Adrian Peterson wants to play until he's 40 and it would be silly to doubt him

Why the Lions are a good fit for Peterson (1:23)

Jeremy Fowler explains why Adrian Peterson made the decision to sign with the Lions. (1:23)

Adrian Peterson didn’t even hesitate. Not for a second. Sure, he’s been in the league for 14 seasons now and almost quintupled the league average for an NFL career. But he’s a future Hall of Famer, so that’s expected.

What came Thursday was not. Yes, he’s hinted at it before, but usually it’s relegated to quarterbacks and specialists and the occasional offensive lineman who even considers playing in the NFL at the age of 40.

For the rest of the league, it’s essentially unheard of. But don’t tell that to Peterson.

“I’m 35 right now? Forty is a good number,” Peterson said, answering a question about how long he thinks he can play. “Forty is a good number.”

It might sound outlandish, except when you look at what he’s doing at age 35 as the Detroit Lions’ lead running back. He’s gained 209 yards on 43 carries and his 4.9 yards per carry average is the highest he’s had since 2012, when he gained over 2,000 yards and averaged 6.0 yards per carry.

It’s unlikely that pace sustains – he’s more often than not been in the 4.2-to-4.5 yards per carry range the last handful of seasons – but that it’s even a question is impressive.

It is rare but not unprecedented.

Other high-level backs have shown productivity at age 35. Emmitt Smith ran 267 times for 937 yards and nine touchdowns in 2004, his last year in the league. Frank Gore, still playing at age 37, had 156 carries for 722 yards when he was 35 in 2018 for Miami.

Marcus Allen had 207 carries for 890 yards and five touchdowns with the Chiefs in 1995 and John Riggins might have had the most impressive season of all, rushing 327 times for 1,239 yards and a league-best 14 touchdowns for Washington in 1984.

Most of the Top 20 rushing yards leaders in NFL history were retired by the time they hit 35, a combination of walking away from the game to do other things or the productivity no longer being there.

“I sit here and look at Aaron Rodgers, guys that came before me, Tom Brady. Of course, they are not playing the running back position so I get it from that standpoint why a lot of people would look at it and say, ‘Oh my God, it’s so amazing,’ “ Peterson said. “But to me, it’s like, it’s not amazing to me. I still feel good, feel young, feel fresh. My recovery is pretty much the same and the body feels fresh.

“I think it all comes down to your mentality and how you approach the game mentally and physically just being able to take care of your body.”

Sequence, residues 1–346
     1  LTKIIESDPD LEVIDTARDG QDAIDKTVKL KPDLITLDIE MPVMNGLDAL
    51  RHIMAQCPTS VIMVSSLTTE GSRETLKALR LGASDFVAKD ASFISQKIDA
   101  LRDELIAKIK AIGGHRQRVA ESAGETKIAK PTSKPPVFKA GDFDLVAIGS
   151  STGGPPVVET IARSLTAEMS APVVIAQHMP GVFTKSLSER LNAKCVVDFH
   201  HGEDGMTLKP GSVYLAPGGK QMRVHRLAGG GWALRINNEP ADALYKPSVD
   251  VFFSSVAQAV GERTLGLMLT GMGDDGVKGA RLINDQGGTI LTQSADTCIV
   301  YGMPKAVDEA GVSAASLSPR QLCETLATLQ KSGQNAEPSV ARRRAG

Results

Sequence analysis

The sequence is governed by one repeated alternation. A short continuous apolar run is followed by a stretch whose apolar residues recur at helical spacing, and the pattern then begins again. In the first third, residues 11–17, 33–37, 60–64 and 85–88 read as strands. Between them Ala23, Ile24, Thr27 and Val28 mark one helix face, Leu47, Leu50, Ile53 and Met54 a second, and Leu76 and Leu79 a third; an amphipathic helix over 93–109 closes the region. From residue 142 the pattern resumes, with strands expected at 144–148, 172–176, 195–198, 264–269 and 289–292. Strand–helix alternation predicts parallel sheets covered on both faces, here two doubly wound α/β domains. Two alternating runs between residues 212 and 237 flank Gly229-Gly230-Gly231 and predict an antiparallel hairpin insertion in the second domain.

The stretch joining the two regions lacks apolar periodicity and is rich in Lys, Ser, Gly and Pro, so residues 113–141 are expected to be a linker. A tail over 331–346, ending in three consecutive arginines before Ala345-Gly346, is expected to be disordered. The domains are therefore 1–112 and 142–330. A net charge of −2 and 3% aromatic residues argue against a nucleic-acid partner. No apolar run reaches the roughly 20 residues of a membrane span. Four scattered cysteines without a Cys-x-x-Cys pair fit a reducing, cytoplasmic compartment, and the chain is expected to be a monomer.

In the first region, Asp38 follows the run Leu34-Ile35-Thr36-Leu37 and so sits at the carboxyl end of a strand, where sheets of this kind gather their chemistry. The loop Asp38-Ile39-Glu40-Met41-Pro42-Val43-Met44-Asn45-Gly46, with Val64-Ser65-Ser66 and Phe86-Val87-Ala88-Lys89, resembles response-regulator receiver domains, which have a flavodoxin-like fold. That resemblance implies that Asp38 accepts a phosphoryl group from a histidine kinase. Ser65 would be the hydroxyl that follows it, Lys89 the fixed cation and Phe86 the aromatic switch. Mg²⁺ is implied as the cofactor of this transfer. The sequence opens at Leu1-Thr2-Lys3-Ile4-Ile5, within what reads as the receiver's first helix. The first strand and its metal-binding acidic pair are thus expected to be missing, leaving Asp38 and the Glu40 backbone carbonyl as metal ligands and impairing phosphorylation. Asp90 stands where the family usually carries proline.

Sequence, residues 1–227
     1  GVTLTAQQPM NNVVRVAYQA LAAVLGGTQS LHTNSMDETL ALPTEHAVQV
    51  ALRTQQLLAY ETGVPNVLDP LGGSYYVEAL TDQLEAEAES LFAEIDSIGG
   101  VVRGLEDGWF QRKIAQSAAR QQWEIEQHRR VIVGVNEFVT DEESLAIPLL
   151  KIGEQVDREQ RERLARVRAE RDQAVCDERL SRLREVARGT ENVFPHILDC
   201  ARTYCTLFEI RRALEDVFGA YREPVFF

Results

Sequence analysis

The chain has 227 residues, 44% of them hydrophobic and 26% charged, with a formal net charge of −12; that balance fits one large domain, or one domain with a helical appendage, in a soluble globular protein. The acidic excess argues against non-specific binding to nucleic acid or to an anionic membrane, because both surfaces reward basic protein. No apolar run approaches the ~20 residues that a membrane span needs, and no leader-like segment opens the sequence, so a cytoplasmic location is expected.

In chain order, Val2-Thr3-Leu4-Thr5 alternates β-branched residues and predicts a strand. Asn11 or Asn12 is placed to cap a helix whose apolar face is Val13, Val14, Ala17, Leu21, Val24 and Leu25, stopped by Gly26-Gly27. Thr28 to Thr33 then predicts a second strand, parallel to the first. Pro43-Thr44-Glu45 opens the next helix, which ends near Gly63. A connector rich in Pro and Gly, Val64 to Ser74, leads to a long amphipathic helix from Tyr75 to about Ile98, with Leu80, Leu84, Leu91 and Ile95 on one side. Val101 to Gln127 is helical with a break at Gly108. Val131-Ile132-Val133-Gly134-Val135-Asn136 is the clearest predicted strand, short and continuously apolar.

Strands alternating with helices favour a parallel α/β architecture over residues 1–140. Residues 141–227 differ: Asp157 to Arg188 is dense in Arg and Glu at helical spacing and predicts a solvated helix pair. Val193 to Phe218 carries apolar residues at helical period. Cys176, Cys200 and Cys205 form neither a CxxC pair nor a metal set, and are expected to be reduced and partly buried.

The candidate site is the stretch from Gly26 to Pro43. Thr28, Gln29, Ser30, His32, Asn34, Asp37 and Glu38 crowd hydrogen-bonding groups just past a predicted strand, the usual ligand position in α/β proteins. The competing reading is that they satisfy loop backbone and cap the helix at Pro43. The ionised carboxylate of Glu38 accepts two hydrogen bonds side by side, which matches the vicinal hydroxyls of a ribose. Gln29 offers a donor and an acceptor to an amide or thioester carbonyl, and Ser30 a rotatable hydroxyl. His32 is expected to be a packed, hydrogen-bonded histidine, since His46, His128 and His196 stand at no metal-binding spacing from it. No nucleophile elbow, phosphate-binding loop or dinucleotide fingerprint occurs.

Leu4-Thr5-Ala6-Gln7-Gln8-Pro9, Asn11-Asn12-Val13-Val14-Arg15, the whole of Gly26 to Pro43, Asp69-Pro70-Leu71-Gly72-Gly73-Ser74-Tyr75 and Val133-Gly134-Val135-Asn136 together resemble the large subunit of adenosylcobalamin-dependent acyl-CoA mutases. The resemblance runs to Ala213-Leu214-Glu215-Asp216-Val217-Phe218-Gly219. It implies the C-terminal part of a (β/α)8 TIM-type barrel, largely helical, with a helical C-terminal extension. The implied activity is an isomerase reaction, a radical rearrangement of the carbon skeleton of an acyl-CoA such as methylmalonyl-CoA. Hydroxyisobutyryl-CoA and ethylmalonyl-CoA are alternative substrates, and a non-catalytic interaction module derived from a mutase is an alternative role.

Peterson taking care of his body is a non-issue. Remember, Peterson rushed for 2,097 yards less than a year after tearing his ACL in 2011 – something that was essentially unheard of at the time. He’s a player who, along with Trent Williams, opened his own gym, O Athletik, and trains there consistently.

There, he said, they’ll have younger players come in. He might not beat them on every rep, but his mentality is to do his best to try and do so. It’s what keeps pushing him. His approach to workouts has essentially been to never cheat himself – something that too many people, regardless of whether you’re a professional athlete, a recreational one or someone training just to try and stay in shape, end up doing.

“It’s one thing to go and work out and go through the motion and just get through the workout,” Peterson said. “It’s another thing to mentally lock in and say, you know what, I’m going to give everything I have to this workout and that’s how you’re able to become stronger mentally and to push your body to a different level because you have experience, that burn, that makes a lot of people shut down.

“When you push through that burn, maybe you got to go three-quarters but no one knows like you if you’re cheating or if you’re giving it everything you got. That’s the test.”

It’s a test he’s largely passed as his body has continually taken the pounding of being an NFL running back. Yet he can deliver blows running the ball with similar ferocity as NFL defenders trying to hit him. So Lions coaches have not been overly concerned with managing Peterson’s carries or workload because not only do they believe he can handle it, but Peterson believes he can.

And after he woke up feeling remarkably fresh following a 22-carry-75-yard game last Sunday against Arizona, there’s evidence to buy into that, too.

“This guy is a freak of nature now,” offensive coordinator Darrell Bevell said. “I don’t know where that wall is or where he’s going to hit it. The guy is always asking for more. He is in great shape. He takes care of his body. He does all those little things to set himself up for that success.”

It’s something other players have noticed. Receiver Marvin Jones Jr. said after seeing Peterson move as he has the last three weeks he can “definitely” see him playing at 40 – describing it as “an easy call.” And the influence Peterson has had has gone beyond his own position group as well.

“It’s honestly, for me, kind of surreal to see him performing at the high level that he is at that age is incredible,” right tackle Tyrell Crosby said. “It’s great for us, I’m not a running back but to see how he approaches practice and approaches games at that age.

“He’s going to be a Hall of Fame guy, just to have the opportunity to see how he approaches everything is awesome for me just so I can kind of study him to see what makes him great.”